This article was fact-checked by our editors and Christina Taylor, MBA, senior manager of tax operations for Credit Karma. It has been updated for the 2020 tax year.
When you own a home, your house payment will probably be the biggest bill you pay every month.
A house payment is often made up of multiple costs associated with having purchased the home, not just the principal and interest on a mortgage. Your lender may require you to put money every month into an escrow account from which they may pay your property taxes, homeowners insurance and private mortgage insurance, with that escrow payment being part of your monthly house payment.
Some of those costs may be deductible for homeowners who meet the criteria for certain tax breaks. Here are some portions of your house payment that you may be able to deduct from your federal income taxes.
Deducting mortgage interest
If you paid interest on a mortgage in the tax year, that entire amount may be deductible from your federal income taxes provided …
- You itemize deductions
- You paid the interest, or it accrued, during the tax year
- Your loan was for a principal residence or one other qualified residence (house, condo, co-op, mobile home, trailer home or boat)
- You used the loan proceeds to buy, build, substantially improve or refinance the home that secured the mortgage
- Your total mortgage debt (including home equity) was $1 million or less (or $500,000 or less if you were married but filing separate returns) for mortgages taken out before Jan. 1, 2018.
Tax reform affected the mortgage interest deduction for homeowners with mortgages initiated between Jan. 1, 2018, and Dec. 31, 2025. Reform caps the amount of mortgage debt for which you can claim an interest deduction at $750,000. The limit is $375,000 for married couples filing separate returns.
If you put down less than 20% of the purchase price for your home when you initiated your mortgage, your lender might require you to carry private mortgage insurance. PMI protects the lender in case you default on your loan.
Typically, PMI is a monthly charge based on the value of your loan, and if you have to pay it, you’ll likely do so through an escrow account. To deduct PMI from your 2020 taxes, you must meet the criteria for claiming home mortgage interest. If you do, you can probably deduct the full amount of PMI premiums that your lender reports on Form 1098.
Deducting property taxes
Your lender may also require you to pay your state or local property taxes through an escrow account. If you do, the portion of your house payment that pays your property taxes may be deductible.
You may be able to take this deduction if …
- You itemize your deductions on Schedule A
- You paid the tax when you closed on your home or to a taxing authority during the year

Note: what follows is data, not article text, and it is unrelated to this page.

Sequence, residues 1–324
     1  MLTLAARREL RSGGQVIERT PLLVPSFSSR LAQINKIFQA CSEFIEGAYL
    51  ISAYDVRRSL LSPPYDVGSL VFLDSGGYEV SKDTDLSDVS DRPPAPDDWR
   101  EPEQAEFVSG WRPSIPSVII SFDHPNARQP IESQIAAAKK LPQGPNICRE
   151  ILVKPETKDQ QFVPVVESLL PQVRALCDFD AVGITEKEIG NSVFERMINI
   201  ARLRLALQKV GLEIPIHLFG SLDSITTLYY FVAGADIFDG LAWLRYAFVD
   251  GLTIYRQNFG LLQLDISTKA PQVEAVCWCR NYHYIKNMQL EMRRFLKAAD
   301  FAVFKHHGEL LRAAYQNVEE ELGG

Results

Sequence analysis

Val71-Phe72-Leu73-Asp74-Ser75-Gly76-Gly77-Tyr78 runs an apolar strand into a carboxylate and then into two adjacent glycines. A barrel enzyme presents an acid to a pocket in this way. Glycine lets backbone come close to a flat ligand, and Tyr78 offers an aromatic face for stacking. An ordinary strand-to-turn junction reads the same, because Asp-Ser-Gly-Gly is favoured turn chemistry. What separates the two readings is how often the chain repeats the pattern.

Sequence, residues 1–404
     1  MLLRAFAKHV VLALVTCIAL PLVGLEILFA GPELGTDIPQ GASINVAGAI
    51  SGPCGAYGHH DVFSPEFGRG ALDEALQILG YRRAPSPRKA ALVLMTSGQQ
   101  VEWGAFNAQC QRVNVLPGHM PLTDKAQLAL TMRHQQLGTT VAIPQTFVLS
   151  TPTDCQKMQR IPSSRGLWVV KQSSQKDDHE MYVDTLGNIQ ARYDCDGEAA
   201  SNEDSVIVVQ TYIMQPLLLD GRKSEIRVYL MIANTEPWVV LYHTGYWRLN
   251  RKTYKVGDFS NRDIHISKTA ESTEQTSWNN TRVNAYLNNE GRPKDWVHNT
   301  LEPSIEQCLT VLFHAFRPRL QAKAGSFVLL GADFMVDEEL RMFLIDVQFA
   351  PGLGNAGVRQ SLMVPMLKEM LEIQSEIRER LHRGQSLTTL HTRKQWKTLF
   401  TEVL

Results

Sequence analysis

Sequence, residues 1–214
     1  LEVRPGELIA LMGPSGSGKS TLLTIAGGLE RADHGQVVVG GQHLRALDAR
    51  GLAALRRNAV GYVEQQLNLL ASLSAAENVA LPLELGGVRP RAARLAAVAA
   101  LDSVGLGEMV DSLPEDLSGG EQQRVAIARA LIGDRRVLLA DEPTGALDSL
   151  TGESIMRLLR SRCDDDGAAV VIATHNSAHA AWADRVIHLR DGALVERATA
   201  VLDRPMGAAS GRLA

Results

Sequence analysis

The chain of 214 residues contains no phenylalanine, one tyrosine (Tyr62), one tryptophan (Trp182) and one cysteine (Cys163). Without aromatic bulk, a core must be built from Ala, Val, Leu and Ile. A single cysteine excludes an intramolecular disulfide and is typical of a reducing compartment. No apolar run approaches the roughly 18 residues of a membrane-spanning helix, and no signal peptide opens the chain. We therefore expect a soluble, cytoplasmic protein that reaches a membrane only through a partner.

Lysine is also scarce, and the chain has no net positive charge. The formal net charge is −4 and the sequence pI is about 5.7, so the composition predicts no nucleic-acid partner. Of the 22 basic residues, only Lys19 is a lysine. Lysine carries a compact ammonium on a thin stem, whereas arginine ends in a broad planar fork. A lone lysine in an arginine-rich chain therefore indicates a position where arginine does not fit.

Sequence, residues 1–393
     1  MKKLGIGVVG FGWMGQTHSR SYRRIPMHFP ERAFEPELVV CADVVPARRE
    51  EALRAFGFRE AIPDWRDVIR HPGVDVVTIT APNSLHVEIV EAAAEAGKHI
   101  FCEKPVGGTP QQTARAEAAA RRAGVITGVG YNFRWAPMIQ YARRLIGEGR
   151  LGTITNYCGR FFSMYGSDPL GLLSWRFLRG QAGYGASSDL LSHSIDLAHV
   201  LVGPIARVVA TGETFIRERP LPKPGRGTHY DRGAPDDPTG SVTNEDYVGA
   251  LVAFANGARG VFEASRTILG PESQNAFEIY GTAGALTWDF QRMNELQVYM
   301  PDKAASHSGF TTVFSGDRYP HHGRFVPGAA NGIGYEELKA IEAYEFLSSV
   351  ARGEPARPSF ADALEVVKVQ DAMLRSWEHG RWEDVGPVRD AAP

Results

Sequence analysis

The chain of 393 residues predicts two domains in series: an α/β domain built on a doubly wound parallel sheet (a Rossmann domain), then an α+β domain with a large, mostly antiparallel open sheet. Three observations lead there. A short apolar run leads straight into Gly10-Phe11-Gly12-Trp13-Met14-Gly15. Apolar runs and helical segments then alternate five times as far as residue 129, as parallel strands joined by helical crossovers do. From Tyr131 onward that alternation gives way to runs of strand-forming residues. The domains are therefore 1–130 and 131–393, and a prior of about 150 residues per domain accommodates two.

- The tax was not used to pay for a specific service provided by the taxing authority (for example, trash collection)
- The tax wasn’t to pay for benefits that would increase the value of your property (for example, installation of sidewalks)
You can only deduct a total of $10,000 ($5,000 for those married filing separately) for property taxes plus state and local income taxes (or sales tax instead of income tax) combined. That means if you paid $5,000 in property tax and $6,000 in state income tax, you can only take a $10,000 deduction toward that total $11,000 cost. The rule expires on Jan. 1, 2026.
Costs you can’t deduct
Some portions of your home payment, like the following, simply aren’t deductions for homeowners:
- Homeowners insurance
- Fire insurance
- Mortgage principal (the part of your mortgage payment that pays down the actual amount you borrowed)
Your lender may or may not require that you pay these costs through an escrow account.
Owning a home is a big investment. While some deductions for homeowners may allow you to recoup portions of your house payment, other costs are not deductible. It’s important to understand what portion of your house payment you’re allowed to deduct, and what costs you’ll have to carry on your own.
Christina Taylor is senior manager of tax operations for Credit Karma. She has more than a dozen years of experience in tax, accounting and business operations. Christina founded her own accounting consultancy and managed it for more than six years. She co-developed an online DIY tax-preparation product, serving as chief operating officer for seven years. She is the current treasurer of the National Association of Computerized Tax Processors and holds a bachelor’s in business administration/accounting from Baker College and an MBA from Meredith College. You can find her on LinkedIn.